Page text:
And finally, Master Ravenstahl's failure to provide these details is important for third, yet very critical reason. His tax abatement "plan", if one can even call it that, has been cited as one of the few decent arguments in support of his candidacy. In an earlier post, I noted that the following:
After months of pleading, by myself and others, throughout the burghosphere, I still have yet to encounter a single worthy argument in favor of retaining Master Ravenstahl as the Mayor of Pittsburgh. At their worst, the few things written in support of him fall into the "give the kid a chance" or "isn't it cool to have someone so young" line of thinking, and are oblivious to what our interim mayor has done with the chances that he has already had. At their best, these arguments voice support for the self-interested benefits that one's own group, neighborhood, or even self will reap in the wake of a Ravenstahl victory. But not one statement has described even one positive result for the city as a whole that Luke Ravenstahl has either provided or promised as mayor. His actions thus far have largely consisted of a string of failures, and his promises for the future are either all-but-exact copies of Mr. Peduto's plans or simply remain unpresented by the interim mayor's campaign.
In response to this statement (and much to his credit), one of Interim Mayor Ravesntahl's staunchest supporters, Matt H., noted the following:
OK. I live in the Elliott section of the city. An area that has been in total decline thanks to many years of zero help from the Murphy administration. Right now I am working with Councilman Deasy and some other elected officials to develop some NEW housing and the rehab of vacant homes here in Elliott & the West End. The proposed tax abatement from the administration will help my projects that I have going here in Elliott. Why wouldn't I want to support a candidate that is going to directly help my area with a plan? Peduto's plan does nothing for my area.
The cynical part of me would note that this particular argument, as I had already remarked, does nothing more than "... voice support for the self-interested benefits that one's own group, neighborhood, or even self will reap in the wake of a Ravenstahl victory". In a general way, self-interested politics like these, in which one group is continually played off against another, are a big reason why Pittsburgh is such a mess today. But ordinary self-interest will always be part of politics, and Matt H. is certainly within his rights to view things in this manner. After all, that's precisely the way that many people make their political decisions in any modern democracy.

Instead, my present concerns with this argument are far more practical in nature. How on earth can anyone tell whether their neighborhood is or is not included in the Ravenstahl abatement proposal? The city's only press release on the topic fails to mention the specific neighborhoods involved, noting only that it includes "... Downtown Pittsburgh and 20 other neighborhoods – East, West, North and South - that need an additional boost due to population decline, increasing crime and diminishing quality of life". The Tribune-Review describes the Raventahl proposal as one which will affect, "... residential housing Downtown and in other neighborhoods designated as 'growth zones'", and goes on to note that the abatement, "... would be available in 21 other city neighborhoods where development has been virtually nonexistent".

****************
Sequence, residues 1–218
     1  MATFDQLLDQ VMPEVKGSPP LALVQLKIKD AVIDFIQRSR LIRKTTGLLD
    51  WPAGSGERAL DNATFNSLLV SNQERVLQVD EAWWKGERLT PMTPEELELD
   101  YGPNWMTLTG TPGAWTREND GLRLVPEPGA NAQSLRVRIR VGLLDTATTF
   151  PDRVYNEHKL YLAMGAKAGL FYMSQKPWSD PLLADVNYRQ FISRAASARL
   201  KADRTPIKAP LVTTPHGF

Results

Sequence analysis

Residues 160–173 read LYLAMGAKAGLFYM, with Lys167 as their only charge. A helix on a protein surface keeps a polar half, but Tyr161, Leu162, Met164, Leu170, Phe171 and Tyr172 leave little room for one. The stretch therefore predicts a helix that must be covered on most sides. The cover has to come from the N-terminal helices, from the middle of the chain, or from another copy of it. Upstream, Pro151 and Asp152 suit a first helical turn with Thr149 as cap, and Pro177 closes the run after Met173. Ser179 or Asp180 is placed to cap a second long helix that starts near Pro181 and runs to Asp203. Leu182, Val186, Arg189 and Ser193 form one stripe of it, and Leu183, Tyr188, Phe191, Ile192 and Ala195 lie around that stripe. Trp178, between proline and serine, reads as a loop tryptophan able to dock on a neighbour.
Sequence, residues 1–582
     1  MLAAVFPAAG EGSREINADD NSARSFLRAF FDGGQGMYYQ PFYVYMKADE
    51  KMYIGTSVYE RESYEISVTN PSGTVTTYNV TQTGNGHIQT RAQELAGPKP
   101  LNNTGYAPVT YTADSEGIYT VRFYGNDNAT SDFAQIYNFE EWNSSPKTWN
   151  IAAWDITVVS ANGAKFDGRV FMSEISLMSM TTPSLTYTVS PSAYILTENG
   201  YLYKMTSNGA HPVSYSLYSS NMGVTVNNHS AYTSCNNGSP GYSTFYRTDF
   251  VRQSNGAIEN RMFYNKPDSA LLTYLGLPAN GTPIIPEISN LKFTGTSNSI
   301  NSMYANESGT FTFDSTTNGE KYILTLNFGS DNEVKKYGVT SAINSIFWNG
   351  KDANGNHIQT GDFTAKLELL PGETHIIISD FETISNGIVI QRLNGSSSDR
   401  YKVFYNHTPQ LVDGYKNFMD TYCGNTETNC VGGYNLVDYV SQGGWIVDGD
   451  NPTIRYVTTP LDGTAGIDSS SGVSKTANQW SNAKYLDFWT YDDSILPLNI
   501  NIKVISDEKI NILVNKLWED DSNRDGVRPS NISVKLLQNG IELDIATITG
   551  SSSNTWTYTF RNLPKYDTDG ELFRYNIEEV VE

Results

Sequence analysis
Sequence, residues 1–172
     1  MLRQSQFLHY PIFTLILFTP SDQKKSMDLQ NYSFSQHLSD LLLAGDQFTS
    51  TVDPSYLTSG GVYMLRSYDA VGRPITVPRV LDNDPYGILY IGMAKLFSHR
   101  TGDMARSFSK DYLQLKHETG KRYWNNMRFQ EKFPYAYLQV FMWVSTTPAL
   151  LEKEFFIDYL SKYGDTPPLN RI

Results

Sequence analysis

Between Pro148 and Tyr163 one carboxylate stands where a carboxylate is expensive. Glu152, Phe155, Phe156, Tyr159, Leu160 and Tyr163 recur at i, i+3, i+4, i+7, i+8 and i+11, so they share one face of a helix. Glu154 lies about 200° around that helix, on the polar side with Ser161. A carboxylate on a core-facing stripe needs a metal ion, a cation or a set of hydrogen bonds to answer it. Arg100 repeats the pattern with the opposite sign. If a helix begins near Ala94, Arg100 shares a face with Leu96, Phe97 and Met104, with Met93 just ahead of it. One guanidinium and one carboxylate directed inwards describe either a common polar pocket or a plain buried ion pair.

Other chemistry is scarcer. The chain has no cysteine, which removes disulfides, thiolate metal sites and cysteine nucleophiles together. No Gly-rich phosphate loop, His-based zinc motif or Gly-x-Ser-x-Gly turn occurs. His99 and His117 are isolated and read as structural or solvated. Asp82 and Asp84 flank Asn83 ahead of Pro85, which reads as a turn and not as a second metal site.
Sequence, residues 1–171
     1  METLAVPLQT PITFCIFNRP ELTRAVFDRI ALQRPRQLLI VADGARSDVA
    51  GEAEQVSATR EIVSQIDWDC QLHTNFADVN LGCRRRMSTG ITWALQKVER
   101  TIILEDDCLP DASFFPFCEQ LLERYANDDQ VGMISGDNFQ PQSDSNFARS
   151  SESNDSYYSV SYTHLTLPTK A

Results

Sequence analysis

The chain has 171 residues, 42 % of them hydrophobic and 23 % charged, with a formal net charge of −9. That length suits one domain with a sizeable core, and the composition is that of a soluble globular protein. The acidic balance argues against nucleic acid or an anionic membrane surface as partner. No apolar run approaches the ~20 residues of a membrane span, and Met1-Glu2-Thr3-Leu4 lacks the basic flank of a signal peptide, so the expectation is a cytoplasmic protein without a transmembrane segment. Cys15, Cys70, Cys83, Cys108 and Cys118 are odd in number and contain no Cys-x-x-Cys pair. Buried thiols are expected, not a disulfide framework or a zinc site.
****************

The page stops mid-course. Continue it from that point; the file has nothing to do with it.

A later Tribune-Review article on this same topic notes that the proposed abatement will affect the city's Homewood neighborhood, along with Fineview, where the Ravenstahl family itself may take advantage of this tax break (how's that for self-interested politics!). Apparently Shadyside does not qualify for the Ravenstahl abatements, so new Steelers coach Mike Tomlin will be paying full freight when it comes to city property taxes. But it does seem like both Upper and Lower Lawrenceville are included, from what one can glean out of a few comments in the press reports. But if you don't live in one of these four or five neighborhoods that are specifically mentioned in these reports, you are currently left in the lurch by Luke Ravenstahl's failed promise to provide us with details on his "plan". Your only hope is to take a wild guess as to whether your neighborhood contains enough "... stagnant development, population loss, low education levels, single-parent families, tax delinquency and violent crime" to qualify for Master Raventahl's largess.

As far as I can tell at the moment, there is no proof that even Matt H's own western neighborhood, Elliot, is part of the Ravenstahl abatement "plan". I'm rather sure that Elliot is included, of course. Matt H is a bit of a Ravenstahl insider, and is in a position to know about these things. Maybe he was even present at the interim mayor's March 1st meeting with neighborhood leaders, and was privileged enough to hear some of the details first hand. But the rest of us aren't so lucky. It has to be said, assuming that the names of all 20 targeted neighborhoods were made available during that meeting, that the local press has done a pretty poor job of telling us about the few details that are known about the Ravenstahl proposal.

It may very well be the case that Mr. Peduto's own tax abatement plan -- and it at least can be fairly referred to as an actual "plan" -- is simply inadequate. It may be true that the Peduto plan ignores many of the residential neighborhoods in the city which would reap enormous benefits from a tax abatement of this kind. But the only reason why we can even argue about the Peduto plan is that he has had the courage to make the details about it available to us.

Personally, I would much rather have a mayor that I could argue with and about, than one who simply doesn't tell me anything at all about his plans for our city's future.